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On February 11, the Supreme Court issued notice to the government, seeking its response on making intelligence agencies accountable to Parliament. This question is pertinent and in some ways captures the sentiments expressed by many and best vocalised by two leaders in recent times. Vice-President Hamid Ansari had said in his 2010 speech on this subject “….responsibility to the legislature, and eventually to the electorate, is an essential element of democratic governance to which we are committed by the Constitution.” Thereafter, the Private Members Bill introduced by Manish Tiwari (now Minister of State for Information and Broadcasting), The Intelligence Services (Powers & Regulation) Bill 2011, sought to empower intelligence agencies through a legally mandated charter that included well-thought-out elements of supervision and oversight.
Mr. Tiwari’s effort was supported by a research initiative at the Observer Research Foundation over a period of about two years. Views of and feedback from over 150 experts, politicians, social scientists, mediapersons and security professionals were solicited. The resulting analysis questioned obsolete notions of national security liberally deployed by the security community to protect turfs, prevent change and indeed to defend the indefensible. In this context, four core issues stood out and need early resolution even as the court is appraised of this matter.
In modern democracies, intelligence agencies are legally created by and operate under a charter drawn up by the legislature. India’s agencies however bear a chilling resemblance to Haiti’s Tonton Macoute, a voodoo police named after a phantom bogeyman having no charter, rules or limits. In effect it is an extra-constitutional body, prey to individuals and politics and, like such institutions, is totally unaccountable. Setting a charter improves efficiency, focussing resources and minds on what needs to be done. It directs operations on the basis of policy, not individual whim. For example if folklore has it right, if RAW had a charter, it would have legally pre-empted a former Prime Minister’s order to abandon operations in Pakistan. It cost India 30 years worth of accumulated ground assets and priceless reach.
Intelligence agencies such as Mossad, CIA and MI6 have reformed their structures to include operation and financial audits which have improved their efficiency. These agencies, prior to reforms, had a history of personal and political abuse. Institutions are based on trust, but there is no incompatibility between trust and verification. The taxpayer needs to know from a competent authority that his rupee is not being misused on ballerinas, champagne and settling personal scores. The state has a responsibility to verify and audit. The reports that these agencies are used to spy on political opponents, blackmail them and purchase parliamentary votes are too regular and too consistent to be ignored. “Watergate” was the most visible example of such abuse. Closer home, leaked telephone conversations (recorded dubiously) and allegations of keeping a tab on political opponents tell us that “Trust me” is simply not an argument — unless the government can prove that these agencies are staffed by people with a special mitochondrial DNA that makes them free of incompetence, inefficiency and corruption. As all details obviously cannot be divulged, an independent intelligence ombudsman with the highest level of security clearance is the optimal answer.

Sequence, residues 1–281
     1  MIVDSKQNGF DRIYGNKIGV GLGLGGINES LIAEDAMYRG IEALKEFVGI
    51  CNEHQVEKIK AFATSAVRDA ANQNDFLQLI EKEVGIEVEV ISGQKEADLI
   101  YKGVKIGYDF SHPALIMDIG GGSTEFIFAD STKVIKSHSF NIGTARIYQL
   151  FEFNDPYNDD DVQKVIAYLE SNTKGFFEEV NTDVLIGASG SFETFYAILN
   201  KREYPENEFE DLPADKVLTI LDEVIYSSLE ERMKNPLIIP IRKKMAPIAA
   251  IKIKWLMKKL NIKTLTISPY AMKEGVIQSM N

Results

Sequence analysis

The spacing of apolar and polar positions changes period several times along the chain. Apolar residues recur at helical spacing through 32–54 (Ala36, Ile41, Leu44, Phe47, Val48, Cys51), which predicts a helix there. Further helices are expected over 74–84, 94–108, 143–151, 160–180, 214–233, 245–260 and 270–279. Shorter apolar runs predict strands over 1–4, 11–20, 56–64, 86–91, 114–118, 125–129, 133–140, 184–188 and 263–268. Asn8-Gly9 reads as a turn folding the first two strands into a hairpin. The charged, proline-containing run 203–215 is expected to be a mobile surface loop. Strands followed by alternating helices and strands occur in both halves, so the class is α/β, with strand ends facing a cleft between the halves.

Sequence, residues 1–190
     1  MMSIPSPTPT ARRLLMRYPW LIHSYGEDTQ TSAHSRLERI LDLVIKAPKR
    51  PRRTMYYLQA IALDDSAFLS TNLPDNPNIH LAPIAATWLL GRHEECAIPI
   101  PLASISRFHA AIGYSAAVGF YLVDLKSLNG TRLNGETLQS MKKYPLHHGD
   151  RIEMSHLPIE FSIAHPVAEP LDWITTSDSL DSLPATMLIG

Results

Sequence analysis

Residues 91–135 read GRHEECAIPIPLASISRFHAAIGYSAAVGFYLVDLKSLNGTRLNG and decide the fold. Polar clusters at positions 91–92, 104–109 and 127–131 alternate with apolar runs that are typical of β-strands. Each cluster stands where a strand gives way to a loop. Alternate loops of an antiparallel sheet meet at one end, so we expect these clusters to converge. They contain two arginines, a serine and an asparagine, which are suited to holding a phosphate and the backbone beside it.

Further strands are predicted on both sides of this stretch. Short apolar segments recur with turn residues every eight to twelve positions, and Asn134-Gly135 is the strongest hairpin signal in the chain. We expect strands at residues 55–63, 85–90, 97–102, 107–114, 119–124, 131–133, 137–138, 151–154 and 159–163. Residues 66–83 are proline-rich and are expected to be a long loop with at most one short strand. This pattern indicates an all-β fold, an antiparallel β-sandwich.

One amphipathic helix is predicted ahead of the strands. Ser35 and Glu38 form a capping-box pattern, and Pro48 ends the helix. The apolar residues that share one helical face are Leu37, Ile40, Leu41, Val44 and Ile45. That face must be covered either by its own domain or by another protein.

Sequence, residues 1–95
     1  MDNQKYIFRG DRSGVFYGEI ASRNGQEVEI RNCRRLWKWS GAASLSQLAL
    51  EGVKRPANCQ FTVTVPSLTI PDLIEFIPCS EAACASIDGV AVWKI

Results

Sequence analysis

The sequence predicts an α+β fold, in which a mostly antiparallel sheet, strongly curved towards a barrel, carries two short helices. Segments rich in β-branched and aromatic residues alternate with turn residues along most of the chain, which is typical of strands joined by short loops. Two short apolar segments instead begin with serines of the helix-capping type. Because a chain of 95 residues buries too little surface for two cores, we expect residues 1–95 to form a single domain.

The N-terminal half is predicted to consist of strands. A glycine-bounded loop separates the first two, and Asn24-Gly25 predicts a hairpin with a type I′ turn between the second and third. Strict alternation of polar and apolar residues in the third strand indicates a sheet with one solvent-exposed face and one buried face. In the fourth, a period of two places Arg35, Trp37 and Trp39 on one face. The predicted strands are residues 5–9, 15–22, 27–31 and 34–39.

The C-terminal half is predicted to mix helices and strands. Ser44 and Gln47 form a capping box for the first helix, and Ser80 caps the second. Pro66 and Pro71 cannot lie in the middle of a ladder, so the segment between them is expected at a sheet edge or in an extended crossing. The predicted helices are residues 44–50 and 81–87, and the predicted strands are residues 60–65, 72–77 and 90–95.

A National Intelligence and Security Oversight Committee will address the issue of control. Democracy is about deferring to the wisdom of the many. In our system, the Prime Minister is primus inter pares; all governmental decisions are passed by cabinet committees. The Prime Minister therefore, must not have permanent and exclusive control over such agencies. Far from making the process of intelligence collection tedious, collective control leads to better absorption of intelligence and enables the system to efficiently analyse the same. Interdisciplinary inputs would allow holistic analysis insulating the Prime Minister from tainted or bad intelligence. Inconsistencies may be better detected resulting in moderation and course-correction. Optimally, such a collective must include parliamentary opposition to ensure national consensus and continuity. A recent example of abuse is the 2003 invasion of Iraq. It was because powerful individuals hijacked the intelligence apparatuses of the United States and the United Kingdom that intelligence was allowed to be concocted to build a bogus case for war.
Protecting the protectors
There is a case for a National Intelligence Tribunal that protects the public at large but also those serving within such institutions. Extra-constitutional institutions are usually rife with turf wars: a person trapped within such a phantom has no way to protect himself against individual caprices with no system of grievance redressal. Becoming a breeding ground for cronyism and negating merit has an enormous negative impact on professionalism and morale. After all in such a dangerous line of work, personal enmity can translate into a death sentence. A special tribunal will protect both the interests of intelligence employees as well as shield the general public from their excesses.
Deploying the “National security” argument against reform is a fig leaf for defending cronyism, incompetence, inefficiency, and corruption. A proper regulatory mechanism can only strengthen national security, not weaken it. It is time to bring in facts and lessons from global best practices to this debate as it unfolds in the highest court of the land.
(Samir Saran is vice-president and Abhijit Iyer-Mitra is programme coordinator at the Observer Research Foundation.)